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After you made a selection in a dataset, the system will automatically choose the type of visualization which better fits your selection. However, you can switch between different visualization types on the right panel.
There are several visualizations types available for selection in the Dataset Viewer: chart, table, map, bubble chart, treemap, ranking, and pictogram chart. There are also multiple types of charts available for use: line, spline, column, bar, and area (including stacking and percentage stacking), pie, donuts, and radar.
Visualizations are aimed at making numerical data easy to perceive. In some cases, one type of visualization will fit better than others.
- Line (1) and spline (2) charts are usually used to show one or several time-series in dynamics, for example, US GDP per capita.
- Column charts (3) are generally used to show change, for example, US GDP growth. You can see both negative and positive changes. Area charts (4) can also be used for this purpose.
- Bar charts (5) can be used to compare several elements measured in comparable units. For example, middle east countries account balance in 2017.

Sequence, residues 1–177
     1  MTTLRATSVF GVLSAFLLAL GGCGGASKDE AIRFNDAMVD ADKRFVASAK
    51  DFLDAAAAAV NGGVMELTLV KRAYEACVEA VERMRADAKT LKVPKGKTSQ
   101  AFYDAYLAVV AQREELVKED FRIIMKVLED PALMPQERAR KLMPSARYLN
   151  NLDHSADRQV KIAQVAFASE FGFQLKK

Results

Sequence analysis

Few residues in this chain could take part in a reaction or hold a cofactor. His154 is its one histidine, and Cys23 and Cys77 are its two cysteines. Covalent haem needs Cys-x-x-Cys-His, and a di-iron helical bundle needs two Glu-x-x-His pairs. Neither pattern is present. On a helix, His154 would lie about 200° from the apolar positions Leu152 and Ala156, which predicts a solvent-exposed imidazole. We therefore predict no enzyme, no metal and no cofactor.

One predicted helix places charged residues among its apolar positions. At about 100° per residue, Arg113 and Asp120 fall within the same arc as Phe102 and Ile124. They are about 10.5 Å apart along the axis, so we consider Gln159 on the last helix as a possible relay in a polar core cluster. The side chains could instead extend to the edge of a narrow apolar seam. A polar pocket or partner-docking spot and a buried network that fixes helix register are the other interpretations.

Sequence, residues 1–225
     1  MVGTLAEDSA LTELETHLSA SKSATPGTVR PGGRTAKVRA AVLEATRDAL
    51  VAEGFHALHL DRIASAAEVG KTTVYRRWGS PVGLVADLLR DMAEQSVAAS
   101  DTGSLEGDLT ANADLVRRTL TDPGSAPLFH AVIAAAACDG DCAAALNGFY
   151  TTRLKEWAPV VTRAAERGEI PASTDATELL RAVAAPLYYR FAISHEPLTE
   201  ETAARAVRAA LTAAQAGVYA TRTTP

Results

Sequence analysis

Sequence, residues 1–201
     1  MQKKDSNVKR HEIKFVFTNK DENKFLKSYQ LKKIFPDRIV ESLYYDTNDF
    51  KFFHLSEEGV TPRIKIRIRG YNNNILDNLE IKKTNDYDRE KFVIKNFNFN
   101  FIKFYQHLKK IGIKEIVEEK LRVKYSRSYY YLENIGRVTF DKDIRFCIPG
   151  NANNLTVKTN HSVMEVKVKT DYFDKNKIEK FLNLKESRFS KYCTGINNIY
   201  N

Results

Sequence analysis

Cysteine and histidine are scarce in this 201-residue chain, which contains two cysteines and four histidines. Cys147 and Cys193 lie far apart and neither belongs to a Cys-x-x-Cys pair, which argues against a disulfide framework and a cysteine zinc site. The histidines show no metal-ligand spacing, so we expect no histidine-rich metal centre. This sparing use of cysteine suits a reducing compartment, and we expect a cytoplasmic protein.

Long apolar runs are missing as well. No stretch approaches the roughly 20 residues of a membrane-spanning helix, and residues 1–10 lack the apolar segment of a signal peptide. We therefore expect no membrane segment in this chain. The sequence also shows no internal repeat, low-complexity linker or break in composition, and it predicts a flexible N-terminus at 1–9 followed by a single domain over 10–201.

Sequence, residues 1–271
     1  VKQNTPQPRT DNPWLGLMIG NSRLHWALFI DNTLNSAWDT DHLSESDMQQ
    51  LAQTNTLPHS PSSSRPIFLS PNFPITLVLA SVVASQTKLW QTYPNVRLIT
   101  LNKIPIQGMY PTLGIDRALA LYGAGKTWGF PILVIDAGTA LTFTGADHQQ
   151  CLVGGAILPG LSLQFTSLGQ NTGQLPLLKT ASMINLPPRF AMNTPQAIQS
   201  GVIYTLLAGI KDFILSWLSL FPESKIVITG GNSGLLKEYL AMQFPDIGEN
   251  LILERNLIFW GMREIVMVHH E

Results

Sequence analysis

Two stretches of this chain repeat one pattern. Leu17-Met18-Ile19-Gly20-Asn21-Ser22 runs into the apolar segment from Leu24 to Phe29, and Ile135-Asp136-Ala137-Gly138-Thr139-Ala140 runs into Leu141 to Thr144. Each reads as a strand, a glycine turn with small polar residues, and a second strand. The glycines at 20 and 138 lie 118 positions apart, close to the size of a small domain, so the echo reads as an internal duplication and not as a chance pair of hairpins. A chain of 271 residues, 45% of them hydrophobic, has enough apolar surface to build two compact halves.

- Use a pie (6) or donut chart (7) to show the breakdown of some totality representing 100 percent, for example, China value added by sectors. You can also use a stacking column (8, 9), bar (10, 11), or area chart (12, 13) for this purpose. This shows composition in dynamics.
- Radar charts (14) can be used to show the performance of several countries across several indicators, like, value added by sectors in Brunei, Sierra Leone, and Luxembourg.
- Tables (15) can be used to show time-series measured in different units, for example, Australia’s current account balance, GDP, consumer price index, and population.
- Rankings (16) and maps (17) are typically used to compare different countries by some indicator, like, population.
- Treemap is used to present hierarchically structured data, like causes of death classification. There are three types of treemaps: treemap (18), bubble tree (19), and sunburst (20).
- Use a bubble chart (21) to see a correlation between two or three variables, for example, health expenditure, life expectancy, and GDP per capita in different countries.
- Pictogram charts (22) are good for showing some physical units, such as the number of commercial bank branches per 100,000 adults in different countries.